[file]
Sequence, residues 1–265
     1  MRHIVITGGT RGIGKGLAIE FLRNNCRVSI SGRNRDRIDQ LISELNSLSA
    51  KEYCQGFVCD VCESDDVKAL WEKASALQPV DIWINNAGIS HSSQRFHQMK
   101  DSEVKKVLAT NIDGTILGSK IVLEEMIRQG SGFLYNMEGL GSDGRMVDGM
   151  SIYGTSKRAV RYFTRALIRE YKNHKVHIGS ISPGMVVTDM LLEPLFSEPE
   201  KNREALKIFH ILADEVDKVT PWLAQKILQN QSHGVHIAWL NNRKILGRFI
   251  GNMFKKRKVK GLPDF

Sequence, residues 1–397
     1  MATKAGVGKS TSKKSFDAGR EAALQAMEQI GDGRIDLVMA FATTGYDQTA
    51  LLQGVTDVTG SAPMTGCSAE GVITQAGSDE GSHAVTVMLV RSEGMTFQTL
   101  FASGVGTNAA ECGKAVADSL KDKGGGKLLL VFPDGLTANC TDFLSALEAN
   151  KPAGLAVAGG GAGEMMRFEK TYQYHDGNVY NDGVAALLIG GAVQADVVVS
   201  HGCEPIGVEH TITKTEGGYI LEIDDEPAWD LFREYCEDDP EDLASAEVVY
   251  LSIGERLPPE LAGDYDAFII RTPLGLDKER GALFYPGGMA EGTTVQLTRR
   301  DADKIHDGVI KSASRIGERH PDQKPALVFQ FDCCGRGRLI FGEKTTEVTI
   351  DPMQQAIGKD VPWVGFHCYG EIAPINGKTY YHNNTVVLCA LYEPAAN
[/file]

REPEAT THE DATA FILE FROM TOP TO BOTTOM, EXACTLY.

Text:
Sequence, residues 1–265
     1  MRHIVITGGT RGIGKGLAIE FLRNNCRVSI SGRNRDRIDQ LISELNSLSA
    51  KEYCQGFVCD VCESDDVKAL WEKASALQPV DIWINNAGIS HSSQRFHQMK
   101  DSEVKKVLAT NIDGTILGSK IVLEEMIRQG SGFLYNMEGL GSDGRMVDGM
   151  SIYGTSKRAV RYFTRALIRE YKNHKVHIGS ISPGMVVTDM LLEPLFSEPE
   201  KNREALKIFH ILADEVDKVT PWLAQKILQN QSHGVHIAWL NNRKILGRFI
   251  GNMFKKRKVK GLPDF

Sequence, residues 1–397
     1  MATKAGVGKS TSKKSFDAGR EAALQAMEQI GDGRIDLVMA FATTGYDQTA
    51  LLQGVTDVTG SAPMTGCSAE GVITQAGSDE GSHAVTVMLV RSEGMTFQTL
   101  FASGVGTNAA ECGKAVADSL KDKGGGKLLL VFPDGLTANC TDFLSALEAN
   151  KPAGLAVAGG GAGEMMRFEK TYQYHDGNVY NDGVAALLIG GAVQADVVVS
   201  HGCEPIGVEH TITKTEGGYI LEIDDEPAWD LFREYCEDDP EDLASAEVVY
   251  LSIGERLPPE LAGDYDAFII RTPLGLDKER GALFYPGGMA EGTTVQLTRR
   301  DADKIHDGVI KSASRIGERH PDQKPALVFQ FDCCGRGRLI FGEKTTEVTI
   351  DPMQQAIGKD VPWVGFHCYG EIAPINGKTY YHNNTVVLCA LYEPAAN